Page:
As much as she prized the wide, multiethnic offerings of the big one-stop grocery near her Los Angeles home, Charlotte Beal recently began to feel that something was missing in her culinary life. It needed still more zest, and some personal alchemy.
So a few months ago, the self-described "foodie" - a 30-something former editor for Bon Appétit magazine who researches food trends for the online firm Iconoculture - joined with friends on an excursion. Their goal: Make a powerhouse paella from scratch. "We spent an entire afternoon going to these specialty stores looking for smoked paprika from Spain, pimentón de la vera," Ms. Beal says. "And peppers - you can't just get red peppers, you have to get roasted piquillo peppers."
Her club has since reconvened around an Indian menu, scouring shops for amchoor (mango powder). The group plans to eat its away around the world, and not by way of the local food court. That puts Beal and her friends in the middle of a long-simmering and newly resurgent trend: Many of today's amateur cooks reach confidently for spicier ingredients and greater degrees of difficulty.
Experts credit the influence of burgeoning Latino and other ethnic populations, hotter restaurant fare, television shows (such as Bravo's "Top Chef") that showcase ever more radical fusion, catalog and Internet purveyors of spices and plants, even a post-Katrina diaspora of Cajun cooks.
"To a certain extent it's a grass-roots backlash to the sort of standardized food that people have been eating" at fast-food and chain restaurants, says Carl Brasseaux, director of the Center for Louisiana Studies in New Orleans.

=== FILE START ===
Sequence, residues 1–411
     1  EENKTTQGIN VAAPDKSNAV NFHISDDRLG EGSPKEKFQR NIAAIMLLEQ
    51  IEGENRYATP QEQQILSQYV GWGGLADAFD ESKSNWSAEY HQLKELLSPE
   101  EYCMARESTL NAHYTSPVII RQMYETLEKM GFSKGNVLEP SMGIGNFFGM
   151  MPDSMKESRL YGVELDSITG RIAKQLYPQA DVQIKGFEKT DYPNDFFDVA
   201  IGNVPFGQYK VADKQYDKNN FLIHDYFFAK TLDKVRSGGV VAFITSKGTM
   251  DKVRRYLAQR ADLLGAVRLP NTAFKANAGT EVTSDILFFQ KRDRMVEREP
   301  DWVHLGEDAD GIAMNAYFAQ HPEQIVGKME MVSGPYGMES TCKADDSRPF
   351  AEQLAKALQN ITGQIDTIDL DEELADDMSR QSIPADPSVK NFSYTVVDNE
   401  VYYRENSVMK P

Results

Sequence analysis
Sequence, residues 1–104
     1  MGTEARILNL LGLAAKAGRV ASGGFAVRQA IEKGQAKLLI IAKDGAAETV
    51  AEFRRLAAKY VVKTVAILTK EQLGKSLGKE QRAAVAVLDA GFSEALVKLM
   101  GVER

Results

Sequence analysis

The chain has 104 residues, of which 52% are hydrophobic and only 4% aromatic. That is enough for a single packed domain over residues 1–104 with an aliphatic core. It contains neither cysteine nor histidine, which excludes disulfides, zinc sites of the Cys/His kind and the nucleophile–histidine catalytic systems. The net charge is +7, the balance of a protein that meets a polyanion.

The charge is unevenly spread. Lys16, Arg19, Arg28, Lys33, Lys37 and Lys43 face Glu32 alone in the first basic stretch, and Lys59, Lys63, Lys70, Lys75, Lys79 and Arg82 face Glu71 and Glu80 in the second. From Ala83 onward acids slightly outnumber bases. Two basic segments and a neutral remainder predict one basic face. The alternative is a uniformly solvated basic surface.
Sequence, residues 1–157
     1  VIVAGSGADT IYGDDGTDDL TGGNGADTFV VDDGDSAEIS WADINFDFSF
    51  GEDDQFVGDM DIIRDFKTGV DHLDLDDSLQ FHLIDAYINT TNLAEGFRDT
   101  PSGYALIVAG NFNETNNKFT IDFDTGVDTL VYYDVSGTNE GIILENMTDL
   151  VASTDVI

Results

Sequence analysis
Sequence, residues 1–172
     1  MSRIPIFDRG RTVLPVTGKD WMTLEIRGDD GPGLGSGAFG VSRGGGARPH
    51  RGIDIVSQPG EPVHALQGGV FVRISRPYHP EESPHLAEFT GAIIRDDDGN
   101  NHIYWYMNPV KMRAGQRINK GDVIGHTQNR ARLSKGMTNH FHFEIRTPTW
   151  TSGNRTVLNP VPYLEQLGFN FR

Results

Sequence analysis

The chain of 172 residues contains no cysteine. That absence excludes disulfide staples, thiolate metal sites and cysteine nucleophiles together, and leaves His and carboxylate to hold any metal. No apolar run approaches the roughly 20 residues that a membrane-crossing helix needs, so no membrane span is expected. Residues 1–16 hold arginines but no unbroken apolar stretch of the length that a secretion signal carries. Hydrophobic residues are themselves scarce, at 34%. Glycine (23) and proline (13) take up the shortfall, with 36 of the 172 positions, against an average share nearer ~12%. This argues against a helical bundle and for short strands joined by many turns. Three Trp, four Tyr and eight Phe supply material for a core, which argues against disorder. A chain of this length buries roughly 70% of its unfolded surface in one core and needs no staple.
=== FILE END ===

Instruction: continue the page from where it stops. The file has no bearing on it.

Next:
Experts trace authentic ethnic cuisine as a dining-out option to the 1980s - to the opening of Santa Fe's Coyote Café, or a US tour by Cajun chef Paul Prudhomme. Last year the National Restaurant Association debuted an International Cuisine Pavilion at its Chicago show, acknowledging that the ethnic-food boom had become a main driver of the $476 billion industry. For daring home cooks, grocers such as Whole Foods have long carried exotic provisions. What has changed: the elevation of the arcane, and the depth of do-it-yourself interest.
A one-day chili pepper festival in Brooklyn, N.Y., drew some 10,000 attendees in August. Over the past few years, attendance has increased dramatically, says Anita Jacobs, who coordinates the festival for the Brooklyn Botanical Garden. "People are coming with much more knowledge than they have in the past," she says, "and much more openness to trying new things."
Ms. Jacobs, who "curates" peppers for the Brooklyn Botanic Garden's show, points to the emergence of fiery show-stoppers from such places as Korea, Thailand, Haiti, and Brazil. She also notes the rise of one of her favorite websites, chileplants.com, which ships seedlings. A few years ago, she says, the site could boast an already impressive 200 or so varieties. Today it offers more than 500.
Online spice-seller Penzeys Spices, in Brookfield, Wis., claims a database of more than 1 million names in its 20th year of business. Once a catalog-only firm, it still issues print catalogs eight times a year and has an expanding network of 28 stores.